The birth pains of a new world


Detail of a Greek Orthodox fresco showing Prochorus the scribe writing as John dictates the Book of Revelation. Photo: Theastock

“How are you doing in these strange times?” I hear it often. The word “strange” suggests we are in a time that is out of ordinary and hard to interpret. I would suggest, however, that this is a time that reveals something we have forgotten.

Jesus described this age, between his first and second advent, as a time of labour pains (Mark 13:8). It is an image that Paul uses to describe Creation’s yearning for the World to Come (Romans 8:22) and his own struggle to see Jesus become a reality in the communal life of discipleship (Galatians 4:19). We live in the time of the birth pains of the Messiah who will bring a New Heaven and a New Earth.

The image of birth pains illuminates every aspect of Creation and our life within it. It is a call for us to follow Jesus into his total identification with the suffering—human and otherwise—of this age. But it is also a word of hope. In it we can see a trajectory of life and light. We have become, we see in the Eucharist, the first-fruits of this New Creation (James 1:18).

Many of the Christian churches, especially in the West—and most especially in the West’s colonial aspect—have walked away from this image. It is, however, an aspect of our life in Creation that is so powerfully revealed in our time. With the pain of the pandemic, we have seen the truth of our common humanity, the truth of our communion with Creation. It’s a revealing that is also a calling to renewed discipleship and a renewed humanity.

John in his Book of Revelation sees this mixture of suffering, glory, and hope as the shape of our life in Christ and the consequence of our following him. Like Jesus, we identify with the sufferings of humanity and Creation, show the miraculous power and love of God, and await and hasten the coming of God’s reign in a New Heaven and New Earth—a reality that is pregnant in every aspect of this time (Revelation 1:9).

Indigenous peoples, here and around the world, are living close to the messianic realities of this time, in both pain and promise. The sufferings of the time of colonization—poverty, sickness, and marginalization—have, in many ways, accelerated in this pandemic. But, in the midst of it, there has been a birth of hope, a movement towards freedom and life. This is the call of the self-determining Indigenous Sacred Circle, but it is certainly not its call alone. May the life of our crucified and risen Messiah find in us a pathway, a way of life, that makes real, in this world, the life of the World to Come.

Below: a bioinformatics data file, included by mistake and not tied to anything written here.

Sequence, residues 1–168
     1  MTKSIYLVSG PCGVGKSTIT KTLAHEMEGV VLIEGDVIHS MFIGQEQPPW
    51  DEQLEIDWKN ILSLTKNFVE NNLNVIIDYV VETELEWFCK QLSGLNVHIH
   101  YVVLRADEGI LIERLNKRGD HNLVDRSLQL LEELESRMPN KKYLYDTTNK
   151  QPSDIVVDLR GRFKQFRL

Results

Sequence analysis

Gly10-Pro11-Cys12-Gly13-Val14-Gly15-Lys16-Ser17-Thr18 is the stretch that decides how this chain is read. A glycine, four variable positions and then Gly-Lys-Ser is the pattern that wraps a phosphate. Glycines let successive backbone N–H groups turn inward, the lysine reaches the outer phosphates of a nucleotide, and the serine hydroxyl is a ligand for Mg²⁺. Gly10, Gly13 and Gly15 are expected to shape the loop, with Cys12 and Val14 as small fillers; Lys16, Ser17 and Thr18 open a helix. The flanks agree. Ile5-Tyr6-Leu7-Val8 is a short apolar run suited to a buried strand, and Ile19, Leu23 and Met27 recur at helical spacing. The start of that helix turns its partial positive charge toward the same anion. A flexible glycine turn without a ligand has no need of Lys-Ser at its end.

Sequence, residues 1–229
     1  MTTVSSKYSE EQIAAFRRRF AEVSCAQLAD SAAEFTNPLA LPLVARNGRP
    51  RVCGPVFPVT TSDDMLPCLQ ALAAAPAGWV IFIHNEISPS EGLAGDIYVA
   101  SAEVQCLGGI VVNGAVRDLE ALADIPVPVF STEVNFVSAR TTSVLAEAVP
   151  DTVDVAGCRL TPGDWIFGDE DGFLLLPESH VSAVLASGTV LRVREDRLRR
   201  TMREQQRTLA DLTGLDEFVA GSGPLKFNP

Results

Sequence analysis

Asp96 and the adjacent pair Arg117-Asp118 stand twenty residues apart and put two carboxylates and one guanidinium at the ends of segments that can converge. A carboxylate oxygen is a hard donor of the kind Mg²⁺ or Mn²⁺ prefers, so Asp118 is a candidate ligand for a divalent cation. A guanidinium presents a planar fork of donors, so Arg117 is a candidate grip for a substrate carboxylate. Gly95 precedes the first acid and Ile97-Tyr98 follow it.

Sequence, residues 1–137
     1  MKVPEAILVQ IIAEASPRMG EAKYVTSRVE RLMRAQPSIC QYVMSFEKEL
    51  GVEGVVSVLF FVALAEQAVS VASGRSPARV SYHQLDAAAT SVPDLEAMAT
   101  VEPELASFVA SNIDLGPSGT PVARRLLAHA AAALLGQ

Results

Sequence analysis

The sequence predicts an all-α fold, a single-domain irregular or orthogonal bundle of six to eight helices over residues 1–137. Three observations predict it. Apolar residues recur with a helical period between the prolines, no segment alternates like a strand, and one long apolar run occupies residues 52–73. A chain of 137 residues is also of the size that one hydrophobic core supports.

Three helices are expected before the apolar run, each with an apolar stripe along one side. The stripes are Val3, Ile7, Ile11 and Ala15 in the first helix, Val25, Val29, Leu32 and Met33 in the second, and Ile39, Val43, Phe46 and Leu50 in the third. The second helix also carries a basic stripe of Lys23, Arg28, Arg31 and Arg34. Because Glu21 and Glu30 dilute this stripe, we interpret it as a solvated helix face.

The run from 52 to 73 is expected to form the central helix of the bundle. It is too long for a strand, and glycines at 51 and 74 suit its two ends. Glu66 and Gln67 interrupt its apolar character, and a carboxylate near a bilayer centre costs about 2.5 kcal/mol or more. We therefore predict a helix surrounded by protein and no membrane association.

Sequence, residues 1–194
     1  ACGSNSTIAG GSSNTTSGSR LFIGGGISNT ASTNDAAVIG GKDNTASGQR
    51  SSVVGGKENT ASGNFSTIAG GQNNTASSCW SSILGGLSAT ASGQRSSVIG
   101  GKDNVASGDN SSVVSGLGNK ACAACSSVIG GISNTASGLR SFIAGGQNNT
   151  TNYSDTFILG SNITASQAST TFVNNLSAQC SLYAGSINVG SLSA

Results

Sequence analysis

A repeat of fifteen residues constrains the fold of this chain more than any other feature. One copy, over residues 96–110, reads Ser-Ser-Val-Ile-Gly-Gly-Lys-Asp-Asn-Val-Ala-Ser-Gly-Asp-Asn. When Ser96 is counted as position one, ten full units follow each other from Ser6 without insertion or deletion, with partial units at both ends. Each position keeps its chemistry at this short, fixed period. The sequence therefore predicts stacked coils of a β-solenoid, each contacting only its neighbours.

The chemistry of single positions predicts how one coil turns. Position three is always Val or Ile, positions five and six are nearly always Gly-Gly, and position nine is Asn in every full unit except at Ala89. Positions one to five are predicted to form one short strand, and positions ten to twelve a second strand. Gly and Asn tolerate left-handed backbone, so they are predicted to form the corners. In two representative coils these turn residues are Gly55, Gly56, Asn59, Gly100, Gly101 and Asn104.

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Mark MacDonald

Mark MacDonald

Archbishop Mark MacDonald is national Indigenous archbishop of the Anglican Church of Canada.

2 Responses

  1. Mark, you so eloquently pinpoint that hope sprouted from love & rooted in faith, walks us through the pain to prepare the way of the Lord. Thank you for such succinct thought.

  2. We are celebrating the birth of a child in our church community with great joy and thanksgiving. The child has been anticipated for months, if not years with unsuccessful attempts at conception and gestation. The cry, “How long, O Lord?” has gone up by, and on behalf of this couple. A few weeks before the planned ‘inducement’ she said how she was loving being pregnant and wished this stage would go on for a while. The birth pangs had not yet begun.
    I wonder if many of us express this sentiment with regard to the church and the world in relation to the Birth Pangs. Like this expectant mother, we sense that the birth pangs will bring with them change; and we intuit that the changes will be far-reaching. So, “maybe later, but not now”. The status quo seems best. As if we had any say in the birth or the birth pangs of a new age – Ha!

    One thing about birth – it is important to know who is doing the birthing and who is being birthed. I think we are the ones being ‘born-again’ in the new age of the Spirit. And from the picture of the newborn mentioned above, the kid’s face was kind of flat, and my wife informed me that birth can do that to a face, which she anticipated would find its ‘pre-labour’ shape. No wonder we resist the labour pangs (or deny they are even happening)! Through rebirth will be transformed (which may also include being deformed), so the suffering is real. And so is the hope.

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